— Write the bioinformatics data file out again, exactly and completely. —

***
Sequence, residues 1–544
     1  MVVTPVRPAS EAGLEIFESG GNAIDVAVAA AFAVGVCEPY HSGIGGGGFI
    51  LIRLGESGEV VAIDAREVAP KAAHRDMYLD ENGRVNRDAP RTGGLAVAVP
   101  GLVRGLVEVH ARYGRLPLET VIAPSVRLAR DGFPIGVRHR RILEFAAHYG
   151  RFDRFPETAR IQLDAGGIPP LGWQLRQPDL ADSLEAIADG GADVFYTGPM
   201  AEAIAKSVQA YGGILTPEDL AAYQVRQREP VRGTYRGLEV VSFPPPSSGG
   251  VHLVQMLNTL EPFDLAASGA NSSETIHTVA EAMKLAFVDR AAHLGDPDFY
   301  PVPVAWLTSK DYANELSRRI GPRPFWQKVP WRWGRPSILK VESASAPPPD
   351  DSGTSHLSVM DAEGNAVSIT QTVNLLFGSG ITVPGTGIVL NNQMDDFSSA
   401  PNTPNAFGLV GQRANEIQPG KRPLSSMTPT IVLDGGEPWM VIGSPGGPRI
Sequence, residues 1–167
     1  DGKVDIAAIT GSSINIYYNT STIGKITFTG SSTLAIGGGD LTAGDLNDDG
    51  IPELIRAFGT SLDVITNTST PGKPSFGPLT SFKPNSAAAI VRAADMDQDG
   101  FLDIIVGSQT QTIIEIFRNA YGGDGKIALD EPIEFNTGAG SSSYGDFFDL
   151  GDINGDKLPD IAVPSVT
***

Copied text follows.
Sequence, residues 1–544
     1  MVVTPVRPAS EAGLEIFESG GNAIDVAVAA AFAVGVCEPY HSGIGGGGFI
    51  LIRLGESGEV VAIDAREVAP KAAHRDMYLD ENGRVNRDAP RTGGLAVAVP
   101  GLVRGLVEVH ARYGRLPLET VIAPSVRLAR DGFPIGVRHR RILEFAAHYG
   151  RFDRFPETAR IQLDAGGIPP LGWQLRQPDL ADSLEAIADG GADVFYTGPM
   201  AEAIAKSVQA YGGILTPEDL AAYQVRQREP VRGTYRGLEV VSFPPPSSGG
   251  VHLVQMLNTL EPFDLAASGA NSSETIHTVA EAMKLAFVDR AAHLGDPDFY
   301  PVPVAWLTSK DYANELSRRI GPRPFWQKVP WRWGRPSILK VESASAPPPD
   351  DSGTSHLSVM DAEGNAVSIT QTVNLLFGSG ITVPGTGIVL NNQMDDFSSA
   401  PNTPNAFGLV GQRANEIQPG KRPLSSMTPT IVLDGGEPWM VIGSPGGPRI
Sequence, residues 1–167
     1  DGKVDIAAIT GSSINIYYNT STIGKITFTG SSTLAIGGGD LTAGDLNDDG
    51  IPELIRAFGT SLDVITNTST PGKPSFGPLT SFKPNSAAAI VRAADMDQDG
   101  FLDIIVGSQT QTIIEIFRNA YGGDGKIALD EPIEFNTGAG SSSYGDFFDL
   151  GDINGDKLPD IAVPSVT